Rapid changes in the organization and delivery of personal health services, specifically the growth of for-profit medical care and managed care organizations, affect access for vulnerable populations, the health outcomes of the general public, and the activities and abilities of local public health agencies to operate. Public health agencies have a critical new role to play in overseeing these changes in the organization and delivery of services, assuring capacity to care for all populations, monitoring, evaluating, and improving quality, and understanding the relationship between changes in health services delivery and the public's health. Finally, the effectiveness of these solutions must be reviewed and modified in the light of what was learned.

Government health agencies will need to develop comprehensive plans working collaboratively with the community, social agencies, and the personal health care system, including both the public and private sector.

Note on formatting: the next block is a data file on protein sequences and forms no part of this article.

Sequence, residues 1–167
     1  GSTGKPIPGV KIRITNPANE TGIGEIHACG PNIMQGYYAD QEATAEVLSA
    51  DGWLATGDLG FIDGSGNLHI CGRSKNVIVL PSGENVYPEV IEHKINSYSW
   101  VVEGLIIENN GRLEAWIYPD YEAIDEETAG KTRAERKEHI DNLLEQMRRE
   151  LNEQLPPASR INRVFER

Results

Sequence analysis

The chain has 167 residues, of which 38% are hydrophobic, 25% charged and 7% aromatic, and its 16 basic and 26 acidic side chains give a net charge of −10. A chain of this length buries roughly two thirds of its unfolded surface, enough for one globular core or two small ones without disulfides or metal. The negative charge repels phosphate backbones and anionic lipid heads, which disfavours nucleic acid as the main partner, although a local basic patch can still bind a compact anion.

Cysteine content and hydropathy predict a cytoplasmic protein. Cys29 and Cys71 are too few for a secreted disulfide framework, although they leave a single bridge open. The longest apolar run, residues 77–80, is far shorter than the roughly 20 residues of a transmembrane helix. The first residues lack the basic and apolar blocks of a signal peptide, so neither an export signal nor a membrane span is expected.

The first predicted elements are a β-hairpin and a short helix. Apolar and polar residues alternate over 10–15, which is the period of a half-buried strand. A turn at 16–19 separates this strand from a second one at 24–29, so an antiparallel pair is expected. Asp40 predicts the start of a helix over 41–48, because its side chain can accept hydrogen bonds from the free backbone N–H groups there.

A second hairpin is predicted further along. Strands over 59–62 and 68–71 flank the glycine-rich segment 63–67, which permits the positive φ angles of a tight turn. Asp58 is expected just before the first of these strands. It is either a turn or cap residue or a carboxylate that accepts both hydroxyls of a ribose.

Public Health Agency Roles:
Public health functions and agencies exist on the federal, state and local levels. The division of responsibilities and authority varies considerably by state. Nevertheless, at each level of government, the public health agency is responsible for the following essential health services:

  • collecting and analyzing health status and utilization information; 
  • developing policies and policy recommendations to maintain and protect the public's health by building upon the data and its analysis and responding to community values; 
  • informing the public and policy makers of its analysis and recommendations; 
  • working to develop consensus on needed action; and 
  • making sure that necessary public health and personal health services are provided to all.

The agency must have sufficient capacity and financial support to carry out these functions. The Federal Government's Role is to:

  • provide leadership, technical assistance, and funds for the nation;
  • create national standards as needed and a national framework for their implementation;
  • assure national data, monitoring, and surveillance systems; and
  • engage in research and epidemiological studies.